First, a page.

Food Lobby Creates Stealth Campaign To Attack Anti-Obesity Film

Food Lobby Creates Stealth Campaign To Attack Anti-Obesity Film

WASHINGTON -- The world's largest food industry lobbying group is waging a stealth campaign to discredit the highly anticipated anti-obesity documentary "Fed Up," which opens in theaters Friday.

The film was produced by Katie Couric and Laurie David, who was a producer of the Oscar-winning documentary "An Inconvenient Truth." "Fed Up" investigates the root causes of America's obesity epidemic, drawing special attention to how the processed food industry's aggressive lobbying and advertising have contributed to the problem.

But people looking online for information about the movie could be in for a surprise. Days before the film's release, a new website appeared that at first looks nearly identical to the official "Fed Up" site. But instead of featuring the movie trailer and showtimes, the site adopts the popular online quiz format, luring people in with a challenge: "Think you know the facts about 'Fed Up?' Take the quiz."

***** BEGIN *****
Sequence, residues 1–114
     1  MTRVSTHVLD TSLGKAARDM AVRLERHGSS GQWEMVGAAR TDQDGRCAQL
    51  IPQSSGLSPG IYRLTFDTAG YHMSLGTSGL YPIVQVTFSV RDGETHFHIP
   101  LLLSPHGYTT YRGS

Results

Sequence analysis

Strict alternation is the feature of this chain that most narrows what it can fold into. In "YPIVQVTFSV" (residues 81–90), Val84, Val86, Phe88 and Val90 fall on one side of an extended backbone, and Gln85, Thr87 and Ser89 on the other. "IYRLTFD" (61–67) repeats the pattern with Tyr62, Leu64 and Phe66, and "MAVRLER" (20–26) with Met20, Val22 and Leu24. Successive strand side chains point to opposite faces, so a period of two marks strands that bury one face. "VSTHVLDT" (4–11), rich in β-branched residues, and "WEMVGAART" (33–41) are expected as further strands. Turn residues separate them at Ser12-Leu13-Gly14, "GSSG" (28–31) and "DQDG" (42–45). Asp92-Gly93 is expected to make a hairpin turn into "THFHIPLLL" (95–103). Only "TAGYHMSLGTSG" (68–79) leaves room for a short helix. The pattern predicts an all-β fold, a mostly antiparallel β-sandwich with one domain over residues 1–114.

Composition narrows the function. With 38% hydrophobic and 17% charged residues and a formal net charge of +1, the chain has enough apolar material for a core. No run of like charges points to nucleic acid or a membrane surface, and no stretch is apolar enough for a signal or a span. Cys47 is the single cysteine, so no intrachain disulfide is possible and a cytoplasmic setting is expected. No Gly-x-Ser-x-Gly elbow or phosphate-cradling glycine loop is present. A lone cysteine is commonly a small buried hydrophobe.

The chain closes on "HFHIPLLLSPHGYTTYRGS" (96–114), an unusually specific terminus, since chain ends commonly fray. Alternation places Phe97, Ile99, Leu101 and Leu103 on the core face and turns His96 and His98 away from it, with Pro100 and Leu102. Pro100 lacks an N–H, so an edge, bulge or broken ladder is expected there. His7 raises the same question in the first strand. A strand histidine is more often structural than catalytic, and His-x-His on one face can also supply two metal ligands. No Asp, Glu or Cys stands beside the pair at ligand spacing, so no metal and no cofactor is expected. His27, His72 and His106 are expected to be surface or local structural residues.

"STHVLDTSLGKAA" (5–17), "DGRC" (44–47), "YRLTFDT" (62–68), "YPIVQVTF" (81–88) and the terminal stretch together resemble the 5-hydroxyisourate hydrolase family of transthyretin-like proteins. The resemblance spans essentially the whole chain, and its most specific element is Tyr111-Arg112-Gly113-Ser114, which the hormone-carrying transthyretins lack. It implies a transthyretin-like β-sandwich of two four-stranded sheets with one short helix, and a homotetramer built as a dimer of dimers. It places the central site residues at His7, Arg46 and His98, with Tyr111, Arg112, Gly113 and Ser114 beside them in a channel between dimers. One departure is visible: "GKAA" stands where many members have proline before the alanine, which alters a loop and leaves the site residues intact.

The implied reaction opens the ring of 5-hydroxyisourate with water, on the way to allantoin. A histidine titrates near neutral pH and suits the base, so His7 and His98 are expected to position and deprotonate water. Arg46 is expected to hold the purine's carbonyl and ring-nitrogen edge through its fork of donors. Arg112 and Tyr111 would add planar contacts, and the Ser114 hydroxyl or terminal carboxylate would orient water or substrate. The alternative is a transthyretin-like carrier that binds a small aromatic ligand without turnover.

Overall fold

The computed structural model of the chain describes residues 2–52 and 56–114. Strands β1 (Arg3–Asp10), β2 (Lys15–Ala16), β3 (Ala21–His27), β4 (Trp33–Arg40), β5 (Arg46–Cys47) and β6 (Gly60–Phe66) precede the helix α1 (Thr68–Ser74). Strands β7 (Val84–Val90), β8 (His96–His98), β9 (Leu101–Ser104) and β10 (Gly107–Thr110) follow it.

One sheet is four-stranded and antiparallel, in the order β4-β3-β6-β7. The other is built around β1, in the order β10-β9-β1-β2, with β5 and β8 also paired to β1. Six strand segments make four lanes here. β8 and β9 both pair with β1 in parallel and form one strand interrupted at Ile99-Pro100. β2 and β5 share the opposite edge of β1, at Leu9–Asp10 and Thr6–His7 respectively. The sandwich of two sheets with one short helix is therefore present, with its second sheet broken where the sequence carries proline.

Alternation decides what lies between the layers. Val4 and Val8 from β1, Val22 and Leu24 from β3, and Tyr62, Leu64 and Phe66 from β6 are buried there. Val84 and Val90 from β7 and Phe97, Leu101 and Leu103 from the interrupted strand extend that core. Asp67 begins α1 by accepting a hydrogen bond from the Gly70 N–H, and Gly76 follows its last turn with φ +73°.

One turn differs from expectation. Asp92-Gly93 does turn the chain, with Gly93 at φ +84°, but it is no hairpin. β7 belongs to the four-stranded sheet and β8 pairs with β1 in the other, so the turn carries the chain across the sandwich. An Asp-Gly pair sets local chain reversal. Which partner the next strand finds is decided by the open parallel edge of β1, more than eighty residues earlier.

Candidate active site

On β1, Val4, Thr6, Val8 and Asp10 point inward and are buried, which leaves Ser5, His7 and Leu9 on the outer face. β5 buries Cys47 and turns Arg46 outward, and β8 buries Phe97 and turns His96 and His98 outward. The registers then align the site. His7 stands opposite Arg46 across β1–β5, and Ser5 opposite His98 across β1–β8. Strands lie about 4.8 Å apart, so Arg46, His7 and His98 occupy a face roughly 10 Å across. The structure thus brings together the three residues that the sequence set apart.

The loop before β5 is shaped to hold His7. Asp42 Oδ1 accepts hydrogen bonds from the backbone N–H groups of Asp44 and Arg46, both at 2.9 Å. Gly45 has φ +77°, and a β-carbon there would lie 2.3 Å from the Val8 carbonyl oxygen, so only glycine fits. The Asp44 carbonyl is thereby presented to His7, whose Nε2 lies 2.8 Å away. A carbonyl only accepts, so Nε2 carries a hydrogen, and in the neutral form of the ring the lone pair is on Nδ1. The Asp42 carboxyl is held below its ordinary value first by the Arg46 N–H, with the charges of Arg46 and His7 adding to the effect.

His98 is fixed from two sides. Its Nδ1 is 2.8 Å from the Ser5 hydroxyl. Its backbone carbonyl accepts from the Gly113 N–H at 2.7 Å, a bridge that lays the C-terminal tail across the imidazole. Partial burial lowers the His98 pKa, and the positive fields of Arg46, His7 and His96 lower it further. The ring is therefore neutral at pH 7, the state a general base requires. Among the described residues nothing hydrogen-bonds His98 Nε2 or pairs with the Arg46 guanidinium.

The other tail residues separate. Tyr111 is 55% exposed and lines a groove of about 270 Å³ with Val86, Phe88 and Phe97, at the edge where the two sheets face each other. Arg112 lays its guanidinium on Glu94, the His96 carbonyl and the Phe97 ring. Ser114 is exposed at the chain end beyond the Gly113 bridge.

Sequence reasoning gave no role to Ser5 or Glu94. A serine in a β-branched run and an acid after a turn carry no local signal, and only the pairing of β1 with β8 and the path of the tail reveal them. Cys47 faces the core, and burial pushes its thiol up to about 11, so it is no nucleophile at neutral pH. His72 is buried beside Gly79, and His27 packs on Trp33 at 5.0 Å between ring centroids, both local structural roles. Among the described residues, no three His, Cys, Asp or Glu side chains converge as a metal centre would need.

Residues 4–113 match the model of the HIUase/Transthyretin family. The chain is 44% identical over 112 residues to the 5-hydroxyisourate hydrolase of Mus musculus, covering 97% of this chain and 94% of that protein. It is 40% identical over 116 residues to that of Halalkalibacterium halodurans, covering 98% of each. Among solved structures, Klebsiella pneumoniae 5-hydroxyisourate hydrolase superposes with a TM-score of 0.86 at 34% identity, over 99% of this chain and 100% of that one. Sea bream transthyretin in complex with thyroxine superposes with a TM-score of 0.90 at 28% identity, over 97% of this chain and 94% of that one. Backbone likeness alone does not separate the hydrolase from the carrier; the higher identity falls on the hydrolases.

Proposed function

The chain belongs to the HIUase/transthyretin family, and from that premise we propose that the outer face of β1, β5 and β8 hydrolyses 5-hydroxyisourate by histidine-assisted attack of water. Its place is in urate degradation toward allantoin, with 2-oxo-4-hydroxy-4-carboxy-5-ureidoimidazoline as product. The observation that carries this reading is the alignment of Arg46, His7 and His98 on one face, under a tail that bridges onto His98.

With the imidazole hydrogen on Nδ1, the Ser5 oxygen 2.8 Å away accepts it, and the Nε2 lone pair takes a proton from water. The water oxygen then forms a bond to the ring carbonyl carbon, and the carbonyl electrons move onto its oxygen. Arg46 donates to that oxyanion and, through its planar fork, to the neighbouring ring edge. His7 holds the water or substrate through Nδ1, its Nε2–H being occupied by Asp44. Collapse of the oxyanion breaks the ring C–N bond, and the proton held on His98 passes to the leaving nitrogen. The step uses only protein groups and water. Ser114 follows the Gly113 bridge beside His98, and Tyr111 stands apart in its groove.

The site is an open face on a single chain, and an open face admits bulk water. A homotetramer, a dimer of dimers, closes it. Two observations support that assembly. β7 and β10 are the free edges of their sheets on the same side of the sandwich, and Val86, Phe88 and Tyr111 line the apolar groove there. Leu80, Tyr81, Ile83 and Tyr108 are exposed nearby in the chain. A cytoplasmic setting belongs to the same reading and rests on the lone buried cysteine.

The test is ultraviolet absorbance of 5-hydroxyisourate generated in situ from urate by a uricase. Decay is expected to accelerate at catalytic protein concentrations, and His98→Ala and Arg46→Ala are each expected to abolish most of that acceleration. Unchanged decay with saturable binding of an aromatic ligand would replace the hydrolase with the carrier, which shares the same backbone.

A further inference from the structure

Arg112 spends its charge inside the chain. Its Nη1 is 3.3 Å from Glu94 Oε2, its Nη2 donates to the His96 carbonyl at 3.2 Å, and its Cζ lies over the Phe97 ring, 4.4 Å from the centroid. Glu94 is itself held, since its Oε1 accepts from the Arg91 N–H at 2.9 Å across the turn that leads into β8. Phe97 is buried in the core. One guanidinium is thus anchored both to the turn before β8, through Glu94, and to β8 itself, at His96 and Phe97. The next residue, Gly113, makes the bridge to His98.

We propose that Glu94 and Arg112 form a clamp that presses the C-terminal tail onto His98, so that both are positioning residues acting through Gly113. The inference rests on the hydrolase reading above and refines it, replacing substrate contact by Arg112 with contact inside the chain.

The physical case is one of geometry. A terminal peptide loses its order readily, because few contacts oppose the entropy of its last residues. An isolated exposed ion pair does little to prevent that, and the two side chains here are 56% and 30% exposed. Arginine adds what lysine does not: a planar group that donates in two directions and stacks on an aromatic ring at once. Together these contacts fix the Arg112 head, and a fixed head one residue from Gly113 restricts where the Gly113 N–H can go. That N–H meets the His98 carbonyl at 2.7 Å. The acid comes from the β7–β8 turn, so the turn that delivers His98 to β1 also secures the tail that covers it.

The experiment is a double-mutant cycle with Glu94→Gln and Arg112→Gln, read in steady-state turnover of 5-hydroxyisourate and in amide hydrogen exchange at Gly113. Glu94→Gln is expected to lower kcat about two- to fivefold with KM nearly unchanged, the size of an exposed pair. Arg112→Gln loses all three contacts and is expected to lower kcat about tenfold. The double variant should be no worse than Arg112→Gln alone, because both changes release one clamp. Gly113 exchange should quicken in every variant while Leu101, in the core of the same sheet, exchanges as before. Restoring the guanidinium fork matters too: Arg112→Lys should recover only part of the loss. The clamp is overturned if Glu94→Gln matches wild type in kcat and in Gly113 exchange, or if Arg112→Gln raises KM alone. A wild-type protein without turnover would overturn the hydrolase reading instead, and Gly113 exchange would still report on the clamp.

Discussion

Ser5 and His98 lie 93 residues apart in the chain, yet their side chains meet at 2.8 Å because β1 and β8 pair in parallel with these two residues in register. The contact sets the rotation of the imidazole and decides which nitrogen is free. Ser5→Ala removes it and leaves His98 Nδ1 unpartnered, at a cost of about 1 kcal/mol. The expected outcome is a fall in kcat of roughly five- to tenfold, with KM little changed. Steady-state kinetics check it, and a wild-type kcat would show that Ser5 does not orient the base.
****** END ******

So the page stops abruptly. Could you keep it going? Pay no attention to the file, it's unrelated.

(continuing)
The "quiz," it turns out, is nine "true or false" questions. Six of them are statements made by doctors and food policy experts in "Fed Up," such as, "Food companies have caused the obesity rate to skyrocket." If you click "true," you'll get a big, fat "incorrect," and below that, some selectively edited figures about obesity rates. The other three questions are about the food industry, and the steps it claims to have taken to combat obesity. The correct answer for these is "true."

One of the "quiz" questions on the fake "Fed Up" site.

As for who is behind this propaganda page for the food processing industry, say hello to the Grocery Manufacturers Association (GMA), the primary lobbying group for the nation's largest food and beverage companies.